Going To the Ends Of the Earth For Sci Fi Music Video “Cozey”

Filmmaker and musical artist Mitchell Abraham, the creative force behind the Aerosol Jezus music project, knew he wanted to create a unique and compelling music video for his single “Cozey.” Usually, with limited budgets, concepts end up being simplified and diminished to a simple artist performance, but Abraham was determined to avoid that trap. Instead, he joined up with cinematographer Zach Ostapchenko to create something truly out of this world.

The shoot spanned locations as diverse as the jungle, snow covered mountain tops and vast deserts, none of which were created with VFX techniques. We sat down with Abraham to discuss the concept of the music video, how he achieved such amazing visuals, and the value of finishing in DaVinci Resolve Studio.

Where did you get the idea for this video?

The credit for the story’s origin goes to my younger brother, Robert Abraham, an incredibly skilled writer/filmmaker in his own right. He pitched me the rough idea for the video: a spaceman lured through a jungle by a floating red diamond, hypnotized into removing his suit, and ending with him singing catatonically as he’s spun up in a spiderweb. The concept paired beautifully with the song “Cozey,” which is about seduction and one’s willingness to be seduced.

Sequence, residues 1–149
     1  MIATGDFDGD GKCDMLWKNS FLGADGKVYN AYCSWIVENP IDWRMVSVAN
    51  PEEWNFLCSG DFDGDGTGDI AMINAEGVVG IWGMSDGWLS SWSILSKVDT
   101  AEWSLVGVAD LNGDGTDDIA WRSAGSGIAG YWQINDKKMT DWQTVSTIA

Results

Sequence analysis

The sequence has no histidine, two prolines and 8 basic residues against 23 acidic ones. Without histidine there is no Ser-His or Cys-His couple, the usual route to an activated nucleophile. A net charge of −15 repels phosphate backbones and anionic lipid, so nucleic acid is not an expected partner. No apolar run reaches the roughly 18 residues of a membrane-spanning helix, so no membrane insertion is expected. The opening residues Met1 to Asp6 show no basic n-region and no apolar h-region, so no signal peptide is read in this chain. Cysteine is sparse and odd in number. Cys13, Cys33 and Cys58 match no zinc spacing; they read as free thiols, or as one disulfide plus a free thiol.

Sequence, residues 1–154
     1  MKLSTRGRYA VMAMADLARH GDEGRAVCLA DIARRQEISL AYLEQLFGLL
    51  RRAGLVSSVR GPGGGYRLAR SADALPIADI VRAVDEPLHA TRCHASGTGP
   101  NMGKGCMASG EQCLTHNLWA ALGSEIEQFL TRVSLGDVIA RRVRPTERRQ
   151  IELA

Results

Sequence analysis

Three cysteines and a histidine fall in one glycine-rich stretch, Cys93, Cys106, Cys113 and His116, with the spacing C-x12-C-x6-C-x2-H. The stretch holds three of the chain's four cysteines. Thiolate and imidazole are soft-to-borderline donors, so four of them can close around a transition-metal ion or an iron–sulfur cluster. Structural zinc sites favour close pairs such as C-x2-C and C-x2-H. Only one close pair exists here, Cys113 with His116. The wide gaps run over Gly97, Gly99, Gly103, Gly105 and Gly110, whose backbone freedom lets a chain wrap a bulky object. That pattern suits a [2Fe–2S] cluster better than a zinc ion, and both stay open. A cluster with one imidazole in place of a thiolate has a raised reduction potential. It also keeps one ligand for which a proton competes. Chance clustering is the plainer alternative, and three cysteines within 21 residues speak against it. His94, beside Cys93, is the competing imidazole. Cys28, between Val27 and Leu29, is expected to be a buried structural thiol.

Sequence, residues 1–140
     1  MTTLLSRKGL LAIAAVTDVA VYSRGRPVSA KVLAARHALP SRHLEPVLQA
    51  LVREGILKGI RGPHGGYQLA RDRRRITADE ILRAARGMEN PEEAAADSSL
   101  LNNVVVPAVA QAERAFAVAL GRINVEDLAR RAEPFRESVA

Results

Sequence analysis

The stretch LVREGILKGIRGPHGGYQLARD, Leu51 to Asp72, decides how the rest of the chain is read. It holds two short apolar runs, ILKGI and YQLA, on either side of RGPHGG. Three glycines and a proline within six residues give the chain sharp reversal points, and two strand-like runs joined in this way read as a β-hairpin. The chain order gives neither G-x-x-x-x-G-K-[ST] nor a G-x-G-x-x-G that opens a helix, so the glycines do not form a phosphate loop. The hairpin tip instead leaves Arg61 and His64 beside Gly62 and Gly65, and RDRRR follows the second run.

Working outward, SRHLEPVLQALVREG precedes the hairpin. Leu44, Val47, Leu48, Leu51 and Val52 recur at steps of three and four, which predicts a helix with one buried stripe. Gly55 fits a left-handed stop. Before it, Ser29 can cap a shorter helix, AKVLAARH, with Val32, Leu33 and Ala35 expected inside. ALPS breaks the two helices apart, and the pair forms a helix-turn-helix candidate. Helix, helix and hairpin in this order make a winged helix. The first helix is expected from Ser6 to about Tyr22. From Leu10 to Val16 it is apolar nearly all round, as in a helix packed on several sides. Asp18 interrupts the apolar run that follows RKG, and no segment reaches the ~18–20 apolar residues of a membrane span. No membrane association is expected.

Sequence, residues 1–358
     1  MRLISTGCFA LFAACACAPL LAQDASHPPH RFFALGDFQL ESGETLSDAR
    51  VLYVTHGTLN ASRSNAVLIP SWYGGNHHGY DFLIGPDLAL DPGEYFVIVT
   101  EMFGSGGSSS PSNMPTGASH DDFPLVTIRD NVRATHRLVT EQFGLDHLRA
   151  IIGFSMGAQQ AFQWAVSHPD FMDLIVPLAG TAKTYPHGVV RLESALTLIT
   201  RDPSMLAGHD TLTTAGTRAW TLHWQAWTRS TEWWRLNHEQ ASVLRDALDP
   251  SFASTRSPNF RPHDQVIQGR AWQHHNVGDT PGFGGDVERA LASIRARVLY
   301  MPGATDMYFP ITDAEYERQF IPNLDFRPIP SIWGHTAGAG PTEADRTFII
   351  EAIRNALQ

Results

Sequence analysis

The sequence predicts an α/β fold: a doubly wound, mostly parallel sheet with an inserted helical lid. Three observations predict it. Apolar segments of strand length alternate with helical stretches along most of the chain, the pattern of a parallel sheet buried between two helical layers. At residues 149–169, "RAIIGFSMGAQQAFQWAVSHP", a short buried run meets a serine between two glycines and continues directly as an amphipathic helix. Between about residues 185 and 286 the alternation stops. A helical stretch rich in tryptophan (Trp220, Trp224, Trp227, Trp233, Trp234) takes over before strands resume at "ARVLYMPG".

How did you manage to travel to so many diverse locations for the shoot?

Honestly, with my car, staying in budget motels, and keeping the production to a two person crew: myself and cinematographer Zach Ostapchenko. Zach initially came aboard as the DP but quickly took on multiple roles since we’d set up each shot and then I’d have to get in front of the camera.

Adding more crew members would’ve destroyed the budget because there was a lot of waiting around for the weather to cooperate. It was tough, but it allowed us time to experiment, which was necessary since much of the shoot took place during magic hour.

Planet hopping wasn’t part of the original outline, though. During the first week of the shoot, Zach and I realized we were missing essential character/story beats. Our character needed a flaw, one we could visually convey, that would lead to his seduction and eventual downfall. So, we introduced the idea of obsession. We outlined the story in our grungy motel room, and the result is pretty close to the final video.